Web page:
Presentation Title

Heated Yoga for the Treatment of Anxious Depression

Abstract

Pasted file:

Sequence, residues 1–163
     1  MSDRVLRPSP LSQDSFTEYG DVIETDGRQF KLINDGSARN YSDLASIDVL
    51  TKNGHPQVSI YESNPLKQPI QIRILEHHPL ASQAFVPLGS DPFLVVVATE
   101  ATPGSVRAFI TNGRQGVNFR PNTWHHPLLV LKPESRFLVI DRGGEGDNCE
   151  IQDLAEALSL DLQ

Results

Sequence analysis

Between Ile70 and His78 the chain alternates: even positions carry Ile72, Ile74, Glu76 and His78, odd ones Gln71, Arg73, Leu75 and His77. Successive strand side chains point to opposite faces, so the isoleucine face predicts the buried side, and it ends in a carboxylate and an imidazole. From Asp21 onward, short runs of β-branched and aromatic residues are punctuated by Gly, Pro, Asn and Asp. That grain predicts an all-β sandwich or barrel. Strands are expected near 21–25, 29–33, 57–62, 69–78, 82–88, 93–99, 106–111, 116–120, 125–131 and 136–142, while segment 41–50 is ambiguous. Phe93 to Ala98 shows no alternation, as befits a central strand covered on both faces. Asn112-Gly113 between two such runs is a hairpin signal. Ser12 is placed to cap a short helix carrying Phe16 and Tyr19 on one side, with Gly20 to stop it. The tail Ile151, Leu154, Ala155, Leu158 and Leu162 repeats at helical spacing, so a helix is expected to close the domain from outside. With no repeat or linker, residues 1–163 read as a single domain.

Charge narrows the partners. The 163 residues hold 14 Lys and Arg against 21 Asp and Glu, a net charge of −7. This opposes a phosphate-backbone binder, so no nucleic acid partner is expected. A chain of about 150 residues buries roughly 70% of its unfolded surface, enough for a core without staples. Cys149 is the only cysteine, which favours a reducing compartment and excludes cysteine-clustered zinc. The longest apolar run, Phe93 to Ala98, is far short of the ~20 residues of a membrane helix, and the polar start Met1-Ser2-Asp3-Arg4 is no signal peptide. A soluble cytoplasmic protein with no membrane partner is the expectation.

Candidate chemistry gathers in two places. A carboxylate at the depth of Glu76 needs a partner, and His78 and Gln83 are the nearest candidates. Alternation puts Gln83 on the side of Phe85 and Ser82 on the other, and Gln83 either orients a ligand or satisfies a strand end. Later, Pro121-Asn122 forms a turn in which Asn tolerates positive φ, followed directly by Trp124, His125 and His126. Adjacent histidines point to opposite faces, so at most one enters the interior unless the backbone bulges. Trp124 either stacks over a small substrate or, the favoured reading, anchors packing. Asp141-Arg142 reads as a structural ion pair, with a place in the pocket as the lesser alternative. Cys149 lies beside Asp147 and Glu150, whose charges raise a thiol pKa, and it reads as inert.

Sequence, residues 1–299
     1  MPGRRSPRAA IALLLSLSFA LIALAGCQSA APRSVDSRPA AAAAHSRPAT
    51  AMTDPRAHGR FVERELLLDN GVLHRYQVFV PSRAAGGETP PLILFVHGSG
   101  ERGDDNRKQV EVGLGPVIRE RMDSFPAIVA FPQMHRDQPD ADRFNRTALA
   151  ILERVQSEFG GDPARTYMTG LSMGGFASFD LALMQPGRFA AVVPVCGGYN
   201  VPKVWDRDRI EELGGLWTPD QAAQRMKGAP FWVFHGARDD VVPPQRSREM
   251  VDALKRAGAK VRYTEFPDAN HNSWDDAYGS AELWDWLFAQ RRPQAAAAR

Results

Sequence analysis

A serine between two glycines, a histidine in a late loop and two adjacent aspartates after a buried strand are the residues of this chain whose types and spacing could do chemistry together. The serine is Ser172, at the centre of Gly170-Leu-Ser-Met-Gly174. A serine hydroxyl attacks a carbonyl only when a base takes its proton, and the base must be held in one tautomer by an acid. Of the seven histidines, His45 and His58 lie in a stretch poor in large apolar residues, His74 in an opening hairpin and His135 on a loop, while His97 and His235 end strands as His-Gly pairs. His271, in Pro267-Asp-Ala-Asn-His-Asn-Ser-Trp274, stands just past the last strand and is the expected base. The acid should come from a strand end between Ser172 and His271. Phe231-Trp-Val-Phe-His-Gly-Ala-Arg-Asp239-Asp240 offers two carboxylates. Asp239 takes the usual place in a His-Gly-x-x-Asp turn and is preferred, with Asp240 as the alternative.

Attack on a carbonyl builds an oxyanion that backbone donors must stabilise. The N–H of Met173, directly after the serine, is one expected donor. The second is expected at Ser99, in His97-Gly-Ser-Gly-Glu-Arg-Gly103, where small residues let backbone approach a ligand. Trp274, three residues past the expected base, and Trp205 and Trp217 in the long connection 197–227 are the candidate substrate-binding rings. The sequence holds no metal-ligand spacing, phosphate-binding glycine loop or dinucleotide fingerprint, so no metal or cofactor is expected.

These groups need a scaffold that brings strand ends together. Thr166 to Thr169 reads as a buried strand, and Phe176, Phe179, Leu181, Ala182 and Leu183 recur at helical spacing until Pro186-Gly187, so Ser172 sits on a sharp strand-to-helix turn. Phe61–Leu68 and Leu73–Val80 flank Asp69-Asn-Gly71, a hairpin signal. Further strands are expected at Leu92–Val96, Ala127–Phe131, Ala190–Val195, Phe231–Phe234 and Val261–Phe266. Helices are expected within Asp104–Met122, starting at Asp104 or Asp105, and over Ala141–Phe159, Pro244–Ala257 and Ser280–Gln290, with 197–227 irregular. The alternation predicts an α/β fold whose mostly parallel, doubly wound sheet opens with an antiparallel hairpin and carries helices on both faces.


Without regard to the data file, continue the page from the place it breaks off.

Patients with anxious depression are at greater risk for functional impairment, relapse, and poor outcomes (Fava et al., 2008; Ramana et al., 1995). Yoga shows promise as an intervention for symptoms of depression (Uebelacker et al., 2010) and anxiety (Cabral, Meyer, & Ames, 2011). We investigated the effectiveness of heated yoga for individuals with anxious depression. Twenty-nine adults with a Hamilton Depression Rating Scale (HAMD-17) score of = 10 were asked to attend heated yoga classes at least twice weekly for 8 weeks. Anxious depression was categorized using the Anxiety/Somatization items of the HAMD-17, which was completed at baseline and endpoint. We performed a modified-intent-to-treat analysis; last observation carried forward (LOCF) was used to manage early terminations. The number of participants who met criteria for anxious depression decreased from 14 (48.3%) at baseline to 1 (5.9%) at endpoint, which was not explained by lower attendance rates among anxiously-depressed individuals: F(1, 27) = 1.678, p = .206. Controlling for attendance, participants with anxious depression had a greater although non-significant decrease in total HAMD-17 scores than participants without anxious depression: F(1, 25) = 3.555, p = .071. Attendance significantly predicted lower Anxiety/Somatization scores at endpoint after controlling for baseline Anxiety/Somatization scores: b = -.563, t(25) = -3.571 , p = .001. Attendance explained a significant proportion of variance of Anxiety/Somatization scores: adjusted R2 = .338=, F(2, 25) = 7.897, p = .002 . Effect sizes were large (d = 0.84, r = 0.34) despite a small sample size. Heated yoga may represent an effective treatment strategy for people with anxious depression, given its potential to reduce symptoms of both depression and anxiety.